There's always a few who go to Utah or Colorado to go skiing and snowboarding with their families.
Many say they went to visit grandma and grandpa.
Others don't have much to report -- they just lazed around the house, relishing the fact that there was no school.
However, when the question was posed to Lisa Curtis' sons they shrugged and said, "I shaved my mom's head on New Year's Day."
In November 2001, Lisa Curtis went to visit her doctor after she had sustained some back injuries from a recent car wreck. Besides an aching back, Curtis said she felt fine.
During her examination, Curtis said she remembered that a pea-sized knot had popped up along her right collarbone.
"I asked the doctor about it, and he said we should just deal with one thing at a time," Curtis said.
When she returned to the doctor a few weeks later, the knot demanded attention. Curtis said the physician looked at the lump and examined the inside of her throat. "He immediately said he wanted to take some chest X-rays; so I knew it wasn't good," she said.
After a biopsy and multiple gallant scans in which radiation was injection into her body to highlight questionable cells, Curtis was diagnosed with a form of cancer called Hodgkins Lymphoma.
The prognosis didn't look good; Curtis' cancer had spread heavily. "I was at a stage three out of four stages," Curtis said. "The only place (the cancer) hadn't gotten to was my bone marrow."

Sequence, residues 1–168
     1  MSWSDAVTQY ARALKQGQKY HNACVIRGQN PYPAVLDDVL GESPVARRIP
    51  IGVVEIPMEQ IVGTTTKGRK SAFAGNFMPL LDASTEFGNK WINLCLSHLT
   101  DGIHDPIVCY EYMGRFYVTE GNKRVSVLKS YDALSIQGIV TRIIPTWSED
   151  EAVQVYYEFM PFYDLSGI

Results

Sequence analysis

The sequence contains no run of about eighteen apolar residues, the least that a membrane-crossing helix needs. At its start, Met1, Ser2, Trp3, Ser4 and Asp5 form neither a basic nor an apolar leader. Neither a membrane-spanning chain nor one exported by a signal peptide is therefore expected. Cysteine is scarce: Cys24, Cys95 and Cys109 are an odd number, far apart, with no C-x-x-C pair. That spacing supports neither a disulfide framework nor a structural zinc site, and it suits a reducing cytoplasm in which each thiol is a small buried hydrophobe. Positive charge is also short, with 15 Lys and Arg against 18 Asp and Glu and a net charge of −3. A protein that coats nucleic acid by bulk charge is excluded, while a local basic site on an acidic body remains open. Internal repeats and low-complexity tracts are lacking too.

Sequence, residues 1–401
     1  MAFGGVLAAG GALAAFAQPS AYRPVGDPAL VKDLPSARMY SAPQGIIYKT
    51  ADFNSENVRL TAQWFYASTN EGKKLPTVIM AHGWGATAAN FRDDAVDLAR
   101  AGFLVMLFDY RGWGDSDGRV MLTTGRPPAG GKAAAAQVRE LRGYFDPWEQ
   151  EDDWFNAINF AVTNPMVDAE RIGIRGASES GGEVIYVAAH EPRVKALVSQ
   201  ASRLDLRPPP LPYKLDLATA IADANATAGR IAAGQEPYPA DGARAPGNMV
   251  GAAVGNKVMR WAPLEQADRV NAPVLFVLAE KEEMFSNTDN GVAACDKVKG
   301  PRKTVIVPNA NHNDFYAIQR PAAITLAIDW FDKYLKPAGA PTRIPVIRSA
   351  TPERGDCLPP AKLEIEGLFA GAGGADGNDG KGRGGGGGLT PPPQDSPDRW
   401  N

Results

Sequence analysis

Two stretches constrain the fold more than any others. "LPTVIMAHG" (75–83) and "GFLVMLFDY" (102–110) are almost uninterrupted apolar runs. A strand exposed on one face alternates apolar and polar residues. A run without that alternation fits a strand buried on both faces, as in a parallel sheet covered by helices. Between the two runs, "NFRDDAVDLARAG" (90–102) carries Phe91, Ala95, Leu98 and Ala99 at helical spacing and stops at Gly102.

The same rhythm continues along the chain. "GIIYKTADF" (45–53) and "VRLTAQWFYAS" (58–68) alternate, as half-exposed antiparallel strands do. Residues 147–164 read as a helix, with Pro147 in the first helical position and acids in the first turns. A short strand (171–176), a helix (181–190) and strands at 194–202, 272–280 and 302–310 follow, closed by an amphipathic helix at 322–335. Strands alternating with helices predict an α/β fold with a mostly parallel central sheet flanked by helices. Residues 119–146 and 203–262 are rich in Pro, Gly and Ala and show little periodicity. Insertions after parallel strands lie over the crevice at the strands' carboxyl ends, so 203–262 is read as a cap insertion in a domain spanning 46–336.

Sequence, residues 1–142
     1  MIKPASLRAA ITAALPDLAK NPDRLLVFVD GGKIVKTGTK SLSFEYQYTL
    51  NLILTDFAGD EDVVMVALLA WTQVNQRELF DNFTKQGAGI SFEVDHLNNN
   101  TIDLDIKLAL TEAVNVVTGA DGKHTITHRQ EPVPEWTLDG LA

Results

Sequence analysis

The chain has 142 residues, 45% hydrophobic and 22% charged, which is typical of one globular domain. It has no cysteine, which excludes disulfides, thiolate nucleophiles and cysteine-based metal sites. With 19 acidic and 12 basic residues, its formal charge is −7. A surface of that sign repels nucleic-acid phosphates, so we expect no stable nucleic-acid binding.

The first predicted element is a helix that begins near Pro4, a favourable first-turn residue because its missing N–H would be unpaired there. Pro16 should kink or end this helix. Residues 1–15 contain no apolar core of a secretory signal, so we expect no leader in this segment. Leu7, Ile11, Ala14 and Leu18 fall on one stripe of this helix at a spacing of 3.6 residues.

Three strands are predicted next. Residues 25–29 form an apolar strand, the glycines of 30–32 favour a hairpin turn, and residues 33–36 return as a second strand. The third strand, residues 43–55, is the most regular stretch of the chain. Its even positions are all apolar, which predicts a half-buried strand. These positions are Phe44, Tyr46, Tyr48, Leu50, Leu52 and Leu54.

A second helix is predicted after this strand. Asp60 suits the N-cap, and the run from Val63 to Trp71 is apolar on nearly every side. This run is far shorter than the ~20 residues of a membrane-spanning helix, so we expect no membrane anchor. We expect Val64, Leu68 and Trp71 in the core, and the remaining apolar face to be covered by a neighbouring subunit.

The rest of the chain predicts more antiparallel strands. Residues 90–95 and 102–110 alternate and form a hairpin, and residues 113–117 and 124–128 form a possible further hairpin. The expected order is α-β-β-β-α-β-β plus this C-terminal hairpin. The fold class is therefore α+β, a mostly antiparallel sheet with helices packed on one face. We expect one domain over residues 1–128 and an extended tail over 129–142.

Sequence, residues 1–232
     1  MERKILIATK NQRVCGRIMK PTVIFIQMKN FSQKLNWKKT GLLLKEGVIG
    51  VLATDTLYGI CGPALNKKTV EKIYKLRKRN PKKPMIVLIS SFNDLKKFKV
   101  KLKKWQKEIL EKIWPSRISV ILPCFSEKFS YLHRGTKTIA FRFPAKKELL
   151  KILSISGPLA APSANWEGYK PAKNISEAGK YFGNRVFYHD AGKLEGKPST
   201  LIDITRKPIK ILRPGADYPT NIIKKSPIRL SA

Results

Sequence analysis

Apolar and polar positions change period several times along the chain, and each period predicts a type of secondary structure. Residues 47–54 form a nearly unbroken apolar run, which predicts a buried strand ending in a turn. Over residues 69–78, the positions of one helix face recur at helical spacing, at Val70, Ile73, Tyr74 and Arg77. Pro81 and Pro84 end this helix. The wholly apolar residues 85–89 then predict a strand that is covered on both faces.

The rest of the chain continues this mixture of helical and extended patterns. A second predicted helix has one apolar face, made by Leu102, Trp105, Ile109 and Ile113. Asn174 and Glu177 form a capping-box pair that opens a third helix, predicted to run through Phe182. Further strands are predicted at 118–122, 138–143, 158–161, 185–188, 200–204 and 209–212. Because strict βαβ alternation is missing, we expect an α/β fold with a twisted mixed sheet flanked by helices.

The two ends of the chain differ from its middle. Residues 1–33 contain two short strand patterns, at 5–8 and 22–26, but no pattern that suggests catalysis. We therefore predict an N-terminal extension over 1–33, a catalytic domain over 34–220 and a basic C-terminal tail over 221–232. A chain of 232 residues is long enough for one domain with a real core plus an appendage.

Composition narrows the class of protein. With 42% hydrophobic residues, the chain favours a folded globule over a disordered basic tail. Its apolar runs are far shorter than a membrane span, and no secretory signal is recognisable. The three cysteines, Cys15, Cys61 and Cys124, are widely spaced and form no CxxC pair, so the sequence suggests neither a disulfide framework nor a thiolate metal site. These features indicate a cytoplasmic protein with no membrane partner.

Curtis said she was scared, but she didn't cave to the illness. "I was lucky because (Hodgkins Lymphoma) is the easiest cancer to cure. I didn't let the situation overwhelm me," she said. "I'll worry about what I can control -- I just worked through it and took care of myself."
Curtis soon began chemotherapy treatments at Batesville. After the second round of chemo, she began to lose her hair. "It started coming out in handfuls, so on New Year's Day, I let my boys shave my head," Curtis said. "Blake, 17, did one side and Michael, 16, did the other."
Losing her hair wasn't the hardest part, according to Curtis. "Chemo is rough. After a treatment I couldn't even keep water down. After about four days I could finally eat soup," she said. "It also made me really weak. And taking chemo thins your blood, so I was always cold."
After eight rounds of chemotherapy that lasted over a five and a half month period, Curtis was clear.
On April 1, Curtis passed the five year mark. "On April Fools Day it was five years. After being clear five years, they say you're cured. My boyfriend took me to Tunica to celebrate," Curtis said.
Though at times it was difficult, throughout the whole experience, Curtis said she tried to keep a positive attitude. "(Hodgkins Lymphoma) is an indiscriminate type of cancer. It usually affects males, and when I got it, I didn't fit into the typical age category -- I was kind of an uncommon case," she said.
"Because of that people would ask me, 'Don't you wonder why it happened to you?' No I didn't -- why not me? I'm not any different than anyone else. The Lord let me have this for a reason -- if for nothing else, to be a positive example," Curtis said. "People need to realize, cancer's not a death sentence. Prayers and a positive attitude can get you through."
What's next for Curtis?
"Thursday (May 17) I'm going to Florida for a well-deserved vacation. I promise, I'll enjoy myself," she laughed.